What Is Employer-Sponsored Health Coverage?
Employer-sponsored health coverage is a type of group health coverage made available to employees by their employer. And while employers are not required to provide health benefits, the Patient Protection and Affordable Care Act (PPACA) does impose penalties in some cases on larger employers (50 or more workers) that elect not to provide coverage for their employees, or that provide insurance that is unaffordable. Although the premiums may be subsidized or even paid entirely by the employer, this is not always the case. Sometimes, the employer simply buys the policy, and covered employees are responsible for the entire cost.
Employers may offer group coverage to all employees, or they may designate that only certain categories of employees are eligible. For example, an employer may offer group coverage only to employees who have completed at least one year of service or who have attained a certain position level. However, anyone who meets these criteria must be eligible for coverage immediately with no further prerequisites.
What Are The Advantages of Employer-Sponsored Health Coverage?
Employer Often Pays All or Part of the Premium
In many cases, your employer will pick up some or all of the group premium. Thus, employer-sponsored health coverage is generally your most affordable option, if it is available. However, in some cases, the employer simply purchases a group policy, and the covered employees are responsible for the entire premium. Even in this situation, employer-sponsored coverage will typically be less expensive than individual insurance, since it is a group policy.
Individual Health Is Not Evaluated In Determining Insurability
Because employer-sponsored health coverage is a type of group coverage, the coverage provider agrees to cover all eligible employees, regardless of current physical condition or health history. The only condition is that employees must apply for coverage within the specified eligibility period. Clearly this is advantageous to those with chronic health conditions who might be considered uninsurable if applying for individual insurance.
Employer May Provide Several Coverage Options
Many employers offer several different employer-sponsored health coverage plans from which you can choose. Thus, you may be able to choose between an HMO and a traditional insurance plan, for example, or you may be able to decide between several different benefit levels and premium costs. In 2014, the PPACA provides that certain group plans must offer, at a minimum, an essential health benefits package as defined by the Secretary of Health and Human Services.
What Are The Disadvantages of Employer-Sponsored Health Coverage?
Less Freedom to Customize Policy
When you get employer-sponsored health coverage, the provisions of the policy have already been negotiated between the coverage provider and the employer, who is the policyowner. You don't have the freedom to have certain provisions included or excluded, and your deductible amount and co-payment percentages are determined in advance.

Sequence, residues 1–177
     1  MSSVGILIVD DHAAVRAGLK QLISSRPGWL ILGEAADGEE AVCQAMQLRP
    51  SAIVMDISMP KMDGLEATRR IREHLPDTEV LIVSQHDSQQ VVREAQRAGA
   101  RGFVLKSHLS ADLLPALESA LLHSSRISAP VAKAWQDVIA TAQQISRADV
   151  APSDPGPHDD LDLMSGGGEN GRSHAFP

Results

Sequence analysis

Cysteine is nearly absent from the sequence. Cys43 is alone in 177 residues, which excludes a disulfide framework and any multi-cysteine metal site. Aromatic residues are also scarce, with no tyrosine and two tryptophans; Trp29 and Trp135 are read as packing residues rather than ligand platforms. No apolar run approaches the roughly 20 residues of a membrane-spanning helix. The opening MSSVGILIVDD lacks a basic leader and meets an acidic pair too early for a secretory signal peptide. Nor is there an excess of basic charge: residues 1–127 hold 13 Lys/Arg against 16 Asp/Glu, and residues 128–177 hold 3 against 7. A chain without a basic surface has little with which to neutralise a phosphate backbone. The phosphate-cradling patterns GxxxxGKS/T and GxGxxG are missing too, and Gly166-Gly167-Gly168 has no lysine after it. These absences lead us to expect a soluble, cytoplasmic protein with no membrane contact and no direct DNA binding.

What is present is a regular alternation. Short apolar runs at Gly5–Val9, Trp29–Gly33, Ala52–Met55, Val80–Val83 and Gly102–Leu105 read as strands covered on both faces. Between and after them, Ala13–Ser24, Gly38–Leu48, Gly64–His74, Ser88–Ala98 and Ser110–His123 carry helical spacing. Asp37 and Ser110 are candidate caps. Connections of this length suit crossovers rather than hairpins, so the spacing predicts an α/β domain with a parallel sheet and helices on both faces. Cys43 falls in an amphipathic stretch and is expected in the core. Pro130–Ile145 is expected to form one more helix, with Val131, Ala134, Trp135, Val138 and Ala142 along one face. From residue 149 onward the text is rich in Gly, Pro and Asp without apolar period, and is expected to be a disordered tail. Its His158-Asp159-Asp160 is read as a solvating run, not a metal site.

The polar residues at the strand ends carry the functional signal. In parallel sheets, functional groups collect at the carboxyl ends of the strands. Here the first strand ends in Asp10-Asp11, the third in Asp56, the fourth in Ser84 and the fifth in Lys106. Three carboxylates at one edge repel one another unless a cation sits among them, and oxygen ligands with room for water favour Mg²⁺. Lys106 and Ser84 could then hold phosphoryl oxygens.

How Do You Get Employer-Sponsored Health Coverage?
Simply Sign Up For Coverage during the Specified Eligibility Period
As with any group health insurance, you must apply for coverage within the specified eligibility period to receive coverage without consideration of your current physical condition or health history. Find out from your employer how long you have to sign up for coverage, and take the appropriate steps prior to this deadline. Failure to do so could mean an extensive series of health-related questions and examinations, and the insurer might choose not to cover you if you are discovered to be a poor risk. In the case of employer-sponsored group coverage, late enrollees may still be able to obtain coverage, but the preexisting condition period can be extended.
Do You Get a Copy of The Policy?
Only the owner of the master policy (in this case the employer) receives a copy of the actual policy. You will, however, receive a certificate that proves that you are covered under your employer's health plan. The certificate contains such information as the covered individual's name, other beneficiaries' names (if any), and the amount and type of coverage.
What Does It Mean If Your Employer Offers Health Coverage Through a "Self-Insured Fund?"
Self-insurance means that, instead of purchasing group health insurance from a coverage provider, your employer periodically deposits money in a self-insured fund. When covered employees and their dependents require medical care, reimbursement comes from this fund. Because there are no premiums or commissions to pay, this can be a money-saving option for some employers. However, it is not a feasible option for most, since the pool of employees must be quite large to accurately predict medical costs. Also, the employer must have adequate financial resources to absorb the cost of unexpectedly high claims.
Smaller employers may be able to reduce coverage costs by forming a multiple employer welfare association (MEWA). In this type of arrangement, numerous small employers pay into a central pool to provide their employees with health coverage. The MEWA buys a single policy to cover all eligible employees. By sharing bills and risk, small companies can afford to provide better benefits for their employees. Similar in nature is the multiple employer trust, which is typically formed by a group of small employers within a certain industry.
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